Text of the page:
A report released by the National Association for Equal Opportunity in Higher Education (NAFEO) Tuesday credited historically Black colleges and universities with a disproportionately large share of Black educational gains over the past two decades.
Coinciding with the 2008 National HBCU Week Conference in Washington, the NAFEO report, “The State of Blacks in Higher Education,” revealed that HBCUs “awarded nearly 50 percent of all bachelor’s degrees awarded to Blacks in the natural and physical sciences, a little more than 25 percent of all bachelor’s degrees in engineering, and nearly 25 percent of all bachelor’s degrees awarded to Blacks.”
“This is an outstanding achievement given that HBCUs are only 3.3 percent of all the institutions,” the report notes.
“It will be an annual report that we will put out each year. What I think the data show is that although Black colleges tend to be woefully and disproportionately underrepresented in terms of public dollars … with the dollars that are invested in HBCUs, we’re having significantly greater output,” says Dr. Lezlie Baskerville, NAFEO president.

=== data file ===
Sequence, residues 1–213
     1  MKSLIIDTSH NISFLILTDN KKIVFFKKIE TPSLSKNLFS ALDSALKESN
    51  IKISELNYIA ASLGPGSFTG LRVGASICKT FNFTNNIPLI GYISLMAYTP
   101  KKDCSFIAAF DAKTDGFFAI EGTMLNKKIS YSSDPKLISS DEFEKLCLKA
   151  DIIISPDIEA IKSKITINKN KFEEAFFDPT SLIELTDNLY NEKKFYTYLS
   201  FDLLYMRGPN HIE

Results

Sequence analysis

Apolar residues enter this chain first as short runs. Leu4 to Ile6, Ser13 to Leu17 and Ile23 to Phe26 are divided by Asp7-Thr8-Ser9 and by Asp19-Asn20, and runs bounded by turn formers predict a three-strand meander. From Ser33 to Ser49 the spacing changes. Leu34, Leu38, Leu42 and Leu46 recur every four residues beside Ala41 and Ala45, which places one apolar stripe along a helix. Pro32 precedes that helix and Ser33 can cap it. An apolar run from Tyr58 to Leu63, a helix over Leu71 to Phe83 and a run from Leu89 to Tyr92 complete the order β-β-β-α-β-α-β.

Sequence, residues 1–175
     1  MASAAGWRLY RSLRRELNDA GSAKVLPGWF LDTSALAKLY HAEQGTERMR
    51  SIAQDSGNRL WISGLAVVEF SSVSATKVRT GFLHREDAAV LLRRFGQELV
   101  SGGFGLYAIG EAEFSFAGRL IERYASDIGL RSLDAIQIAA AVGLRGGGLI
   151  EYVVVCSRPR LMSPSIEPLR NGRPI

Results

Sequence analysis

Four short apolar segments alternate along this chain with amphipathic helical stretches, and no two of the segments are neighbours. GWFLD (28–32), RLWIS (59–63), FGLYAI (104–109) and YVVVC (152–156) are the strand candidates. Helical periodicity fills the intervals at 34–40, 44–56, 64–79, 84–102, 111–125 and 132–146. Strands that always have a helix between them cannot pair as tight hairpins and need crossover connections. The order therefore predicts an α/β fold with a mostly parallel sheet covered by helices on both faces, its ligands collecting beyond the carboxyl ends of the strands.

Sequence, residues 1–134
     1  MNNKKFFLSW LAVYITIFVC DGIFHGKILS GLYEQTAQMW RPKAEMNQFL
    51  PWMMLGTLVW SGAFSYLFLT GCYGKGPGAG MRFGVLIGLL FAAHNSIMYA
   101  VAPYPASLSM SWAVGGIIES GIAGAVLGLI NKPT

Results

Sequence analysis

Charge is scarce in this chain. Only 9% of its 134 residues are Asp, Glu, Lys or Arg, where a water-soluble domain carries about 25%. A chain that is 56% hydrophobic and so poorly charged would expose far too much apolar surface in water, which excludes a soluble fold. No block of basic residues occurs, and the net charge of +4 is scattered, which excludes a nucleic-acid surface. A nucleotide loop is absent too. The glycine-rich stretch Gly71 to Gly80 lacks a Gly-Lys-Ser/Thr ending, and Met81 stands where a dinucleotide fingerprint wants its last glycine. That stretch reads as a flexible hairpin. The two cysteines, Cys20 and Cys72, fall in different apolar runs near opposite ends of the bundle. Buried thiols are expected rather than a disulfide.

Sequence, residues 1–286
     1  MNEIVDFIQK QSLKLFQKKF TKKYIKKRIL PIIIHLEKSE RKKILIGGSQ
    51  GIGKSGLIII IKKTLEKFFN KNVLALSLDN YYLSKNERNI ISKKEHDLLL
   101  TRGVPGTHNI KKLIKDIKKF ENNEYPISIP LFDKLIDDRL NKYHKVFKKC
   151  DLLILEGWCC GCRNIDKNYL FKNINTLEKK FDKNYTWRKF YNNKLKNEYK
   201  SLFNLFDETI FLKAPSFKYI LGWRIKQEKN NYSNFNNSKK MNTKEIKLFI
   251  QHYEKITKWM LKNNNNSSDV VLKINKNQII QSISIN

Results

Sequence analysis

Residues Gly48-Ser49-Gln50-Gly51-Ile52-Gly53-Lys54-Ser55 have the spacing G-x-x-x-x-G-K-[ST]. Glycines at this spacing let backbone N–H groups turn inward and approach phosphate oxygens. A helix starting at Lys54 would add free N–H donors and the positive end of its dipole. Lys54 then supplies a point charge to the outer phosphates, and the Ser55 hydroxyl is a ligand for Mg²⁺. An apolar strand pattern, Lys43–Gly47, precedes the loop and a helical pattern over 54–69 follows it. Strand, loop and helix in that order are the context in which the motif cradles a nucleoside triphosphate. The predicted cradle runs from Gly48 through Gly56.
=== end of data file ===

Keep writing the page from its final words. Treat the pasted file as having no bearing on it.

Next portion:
Baskerville adds the report points out that HBCU “engineering programs were making progress; that directly aligns with the fact that we got federal dollars earmarked for HBCU science, technology, engineering and mathematics programs.”
“Even though we’re no way near where we need to be, our progress is directly related to dollars. The message to Congress, policymakers and foundations is that we are the best bang for their buck,” Baskerville notes.
The report, which will be available online within the next month, was authored by economist Dr. William A. Darity, Jr. of Duke University, Dr. Rhonda V. Sharpe of the University of Vermont, and Dr. Omari H. Swinton of Howard University. NAFEO says printed copies will be available in October.
In addition to the progress by HBCUs in educating Blacks at the undergraduate, masters’ and Ph.D. levels, the report emphasized that HBCUs have grown highly competitive at attracting non-White and non-citizen students over the past two decades.
“This is a good thing. HBCUs have demonstrated that they are competitive at attracting non-Whites and foreign students, especially at the graduate level,” Sharpe told a group of Washington policymakers, higher education officials and reporters at a Tuesday luncheon.
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